-- SHANGHAI -- The three UCLA men's basketball players arrested on shoplifting charges Tuesday will remain in Hangzhou and will not be on the team's flight back to Los Angeles after the Bruins' season-opening 63-60 win over? Georgia Tech in Shanghai on Saturday, multiple sources told ESPN.
The three players -- freshmen LiAngelo Ball, Cody Riley and Jalen Hill -- were questioned about allegedly stealing sunglasses from a Louis Vuitton store next to the team's hotel in Hangzhou, where the Bruins had been staying before leaving for Shanghai on Tuesday. They were released on bail early Wednesday morning and have been staying at a lakeside hotel in Hangzhou since then while the team has been in Shanghai preparing for Saturday's game.
A source with firsthand knowledge of the investigation said the players could be in Hangzhou for "a week or two." The source also noted that there is surveillance footage of the players shoplifting from three stores inside of a high-end shopping center next to the team's hotel in Hangzhou, which houses Louis Vuitton, Gucci, Yves Saint Laurent and Salvatore Ferragamo stores.
Bruins head coach Steve Alford declined to discuss the matter after the team's win in Shanghai.
Hangzhou police arrived early Tuesday morning at the Hyatt Regency in Hangzhou, where UCLA and Georgia Tech were staying ahead of their game, and questioned three players from each team. Team representatives and interpreters were with the players during that time, according to a source.
Afterward, Ball, Riley and Hill were taken to the police station in Hangzhou, where they were kept for a number of hours. UCLA representatives, including Alford, were at the police station along with the players.
Ball, Riley and Hill were released around 4 a.m. local time Wednesday and returned to the Hyatt Regency in Hangzhou, where they have remained since, along with a UCLA representative, according to a source. They are being required by Hangzhou police to remain at the hotel until the legal process is over, the source said.
Alford rejoined the rest of UCLA's team in Shanghai on Wednesday morning after the players were released.
During the investigation, the school and conference have been receiving assistance from Chinese e-commerce goliath Alibaba, the presenting sponsor of the Pac-12 China Game. On Monday, UCLA and Georgia Tech received a tour of Alibaba in Hangzhou and met Joe Tsai, the executive vice chairman and co-founder of Alibaba. Tsai, who recently reached an agreement in principle to purchase a 49 percent minority stake in the Brooklyn Nets that includes the option to acquire controlling interest of the NBA franchise in 2021, splits his time between Hangzhou and La Jolla, California, where his wife and children reside. While talking to UCLA players at Alibaba on Monday, he made it a point to single out freshman guard Jaylen Hands and tell him he watched him play the Bishops School while Hands was at Foothills Christian last year.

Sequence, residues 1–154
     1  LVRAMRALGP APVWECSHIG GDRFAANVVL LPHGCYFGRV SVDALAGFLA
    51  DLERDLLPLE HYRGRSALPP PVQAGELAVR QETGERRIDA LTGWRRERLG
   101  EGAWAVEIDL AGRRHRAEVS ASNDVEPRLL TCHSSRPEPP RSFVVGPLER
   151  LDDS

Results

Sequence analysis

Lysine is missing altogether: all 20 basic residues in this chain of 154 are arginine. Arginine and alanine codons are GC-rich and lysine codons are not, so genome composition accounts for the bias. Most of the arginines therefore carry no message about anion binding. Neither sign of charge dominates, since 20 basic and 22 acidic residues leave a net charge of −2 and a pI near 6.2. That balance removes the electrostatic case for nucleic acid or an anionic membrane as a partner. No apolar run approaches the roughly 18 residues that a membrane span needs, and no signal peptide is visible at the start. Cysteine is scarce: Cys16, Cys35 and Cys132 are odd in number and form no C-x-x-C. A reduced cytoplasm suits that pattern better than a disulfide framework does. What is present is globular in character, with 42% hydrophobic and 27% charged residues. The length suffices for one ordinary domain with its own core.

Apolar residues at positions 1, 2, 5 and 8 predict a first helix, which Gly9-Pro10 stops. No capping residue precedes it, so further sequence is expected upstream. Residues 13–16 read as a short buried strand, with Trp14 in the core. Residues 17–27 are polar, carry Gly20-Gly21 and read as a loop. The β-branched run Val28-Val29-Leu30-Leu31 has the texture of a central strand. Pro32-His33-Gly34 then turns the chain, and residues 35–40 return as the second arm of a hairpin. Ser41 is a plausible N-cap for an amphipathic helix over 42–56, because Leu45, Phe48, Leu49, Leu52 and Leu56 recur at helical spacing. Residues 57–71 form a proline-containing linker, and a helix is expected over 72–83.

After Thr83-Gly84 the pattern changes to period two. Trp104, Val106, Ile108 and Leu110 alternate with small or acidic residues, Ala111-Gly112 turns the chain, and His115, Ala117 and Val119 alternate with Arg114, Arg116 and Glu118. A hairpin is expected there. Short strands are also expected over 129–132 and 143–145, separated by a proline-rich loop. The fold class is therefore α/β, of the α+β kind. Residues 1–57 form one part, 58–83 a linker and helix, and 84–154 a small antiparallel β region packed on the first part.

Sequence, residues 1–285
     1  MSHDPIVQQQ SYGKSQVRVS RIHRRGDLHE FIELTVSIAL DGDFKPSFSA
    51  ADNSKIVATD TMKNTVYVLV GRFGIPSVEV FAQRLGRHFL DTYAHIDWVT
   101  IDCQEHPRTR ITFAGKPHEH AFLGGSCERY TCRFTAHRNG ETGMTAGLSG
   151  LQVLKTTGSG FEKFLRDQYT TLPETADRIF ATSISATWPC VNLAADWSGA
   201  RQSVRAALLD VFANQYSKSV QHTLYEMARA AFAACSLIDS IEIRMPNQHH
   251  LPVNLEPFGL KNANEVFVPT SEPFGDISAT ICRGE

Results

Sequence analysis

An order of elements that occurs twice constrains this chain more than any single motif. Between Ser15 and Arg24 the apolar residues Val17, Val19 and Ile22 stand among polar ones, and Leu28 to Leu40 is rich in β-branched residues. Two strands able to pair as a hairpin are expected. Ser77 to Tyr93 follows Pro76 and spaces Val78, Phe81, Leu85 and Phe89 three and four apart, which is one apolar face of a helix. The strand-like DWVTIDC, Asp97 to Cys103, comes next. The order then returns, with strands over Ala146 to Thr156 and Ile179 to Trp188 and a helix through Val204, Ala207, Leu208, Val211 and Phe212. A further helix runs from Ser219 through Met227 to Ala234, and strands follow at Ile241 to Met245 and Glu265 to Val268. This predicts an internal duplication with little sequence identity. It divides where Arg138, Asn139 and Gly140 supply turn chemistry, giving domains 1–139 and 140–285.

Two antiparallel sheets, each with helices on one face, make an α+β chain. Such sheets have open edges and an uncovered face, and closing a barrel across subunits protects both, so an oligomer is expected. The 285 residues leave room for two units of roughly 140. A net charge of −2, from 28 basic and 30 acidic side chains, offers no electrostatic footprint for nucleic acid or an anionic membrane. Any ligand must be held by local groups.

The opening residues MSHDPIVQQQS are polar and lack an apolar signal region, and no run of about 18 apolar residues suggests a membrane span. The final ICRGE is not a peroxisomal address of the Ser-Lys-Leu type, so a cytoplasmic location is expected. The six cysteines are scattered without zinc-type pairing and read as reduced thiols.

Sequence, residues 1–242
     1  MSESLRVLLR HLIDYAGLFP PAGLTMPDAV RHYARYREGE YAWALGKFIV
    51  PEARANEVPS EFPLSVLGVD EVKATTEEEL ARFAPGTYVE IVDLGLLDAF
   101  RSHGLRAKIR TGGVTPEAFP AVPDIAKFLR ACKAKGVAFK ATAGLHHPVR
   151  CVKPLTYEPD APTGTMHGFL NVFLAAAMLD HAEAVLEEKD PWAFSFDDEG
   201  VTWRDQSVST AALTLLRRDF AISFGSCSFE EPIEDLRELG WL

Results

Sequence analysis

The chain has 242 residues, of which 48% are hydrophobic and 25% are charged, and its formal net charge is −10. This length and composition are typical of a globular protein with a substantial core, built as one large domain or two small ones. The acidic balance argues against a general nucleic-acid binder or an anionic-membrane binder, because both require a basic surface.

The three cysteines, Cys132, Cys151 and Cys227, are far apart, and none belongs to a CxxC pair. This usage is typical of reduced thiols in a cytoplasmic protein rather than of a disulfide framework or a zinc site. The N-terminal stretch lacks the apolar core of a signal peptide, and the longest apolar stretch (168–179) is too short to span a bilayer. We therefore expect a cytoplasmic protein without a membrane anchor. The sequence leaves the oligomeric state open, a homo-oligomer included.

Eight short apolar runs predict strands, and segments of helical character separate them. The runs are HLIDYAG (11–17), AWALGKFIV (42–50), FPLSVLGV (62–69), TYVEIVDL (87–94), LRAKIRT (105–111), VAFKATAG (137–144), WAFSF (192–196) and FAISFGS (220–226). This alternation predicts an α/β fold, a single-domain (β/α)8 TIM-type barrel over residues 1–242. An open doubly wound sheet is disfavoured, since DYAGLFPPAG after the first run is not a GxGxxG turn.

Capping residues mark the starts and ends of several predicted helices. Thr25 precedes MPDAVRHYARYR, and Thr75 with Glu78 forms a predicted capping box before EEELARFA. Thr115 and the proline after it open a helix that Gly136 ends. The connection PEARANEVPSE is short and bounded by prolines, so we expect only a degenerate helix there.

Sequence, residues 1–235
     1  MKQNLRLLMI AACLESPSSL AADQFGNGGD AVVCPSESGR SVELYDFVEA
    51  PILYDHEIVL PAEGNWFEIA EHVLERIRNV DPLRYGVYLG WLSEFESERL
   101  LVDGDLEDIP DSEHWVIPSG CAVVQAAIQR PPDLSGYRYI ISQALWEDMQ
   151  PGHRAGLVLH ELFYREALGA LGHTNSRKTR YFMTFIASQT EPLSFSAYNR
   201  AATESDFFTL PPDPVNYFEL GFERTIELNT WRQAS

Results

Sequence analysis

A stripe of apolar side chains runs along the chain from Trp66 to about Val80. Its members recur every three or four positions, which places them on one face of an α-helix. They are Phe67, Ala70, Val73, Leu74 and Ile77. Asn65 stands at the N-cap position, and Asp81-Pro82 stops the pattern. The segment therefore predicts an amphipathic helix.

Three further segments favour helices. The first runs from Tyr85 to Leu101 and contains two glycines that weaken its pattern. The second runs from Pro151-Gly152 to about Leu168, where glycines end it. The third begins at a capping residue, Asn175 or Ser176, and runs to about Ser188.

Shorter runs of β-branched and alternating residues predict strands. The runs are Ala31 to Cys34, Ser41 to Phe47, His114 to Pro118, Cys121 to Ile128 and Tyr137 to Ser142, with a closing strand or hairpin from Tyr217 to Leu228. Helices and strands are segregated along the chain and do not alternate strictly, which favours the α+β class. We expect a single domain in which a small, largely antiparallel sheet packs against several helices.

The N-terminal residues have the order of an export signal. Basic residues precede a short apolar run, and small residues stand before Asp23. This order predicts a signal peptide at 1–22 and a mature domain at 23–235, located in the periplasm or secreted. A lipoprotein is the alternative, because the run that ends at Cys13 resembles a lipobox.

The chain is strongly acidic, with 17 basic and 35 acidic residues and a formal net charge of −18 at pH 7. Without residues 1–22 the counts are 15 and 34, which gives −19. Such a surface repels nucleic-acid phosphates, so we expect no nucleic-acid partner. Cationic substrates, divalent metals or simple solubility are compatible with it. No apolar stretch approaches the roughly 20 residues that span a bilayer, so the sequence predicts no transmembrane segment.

"Every young person makes mistakes, but the key point is how they will handle it after making the mistake," Tsai said before the game Saturday. "I think sometimes things can be very complicated, and the last couple of days I've seen firsthand professionalism on all sides."
Before the game in Shanghai on Saturday, the Pac-12 announced that next year's China Game would be a matchup between Cal and Yale; Alibaba extended its sponsorship of the game through 2020.
"I'm certainly disappointed that we don't have three UCLA students here to compete in the game today, given that they were involved in an incident that's being investigated in Hangzhou," Pac-12 commissioner Larry Scott said Saturday before the game. "It has provided a real distraction and unwanted publicity which distracts from what overall has been a tremendous experience and a tremendous week for the UCLA and Georgia Tech students. It has also highlighted the value of our partnership. We've received tremendous support from our partners at FUSC [Federation of University Sports of China] and Alibaba. We've had a chance to apologize for the unwelcome attention it has brought. There's nothing new. We're monitoring the situation and staying in close contact with the students until the situation, and we hope the situation resolves itself soon."
LiAngelo Ball's father, LaVar Ball, and brother, LaMelo Ball, who have been in China, visited LiAngelo on Thursday. UCLA athletic director Dan Guerrero visited all three players on Friday. The Ball family has been staying at the UCLA team hotel in Shanghai since Tuesday night and is being filmed while in China for the Facebook reality show "Ball in the Family," which was renewed for a second season last month. The family is scheduled to leave Sunday morning for Hong Kong, where the family's Big Baller Brand is opening a pop-up shop on Tuesday. They opened a pop-up shop in Shanghai on Friday night, when a crowd of more than 100 fans lined up to get autographs and pictures with LaVar and LaMelo.
On Wednesday morning, LaVar had been expected to address the media from his hotel suite in Shanghai, but he said he was advised by legal counsel not to speak "due to the legal nature of the matter."
As he was leaving the hotel later Wednesday, LaVar said: "I'm going to wait until I get some more intel on what's going on, and then I can tell you what's up."
Asked if he was worried about LiAngelo, LaVar said, "He'll be fine. He'll be fine. Everybody making it a big deal. It ain't that big of a deal."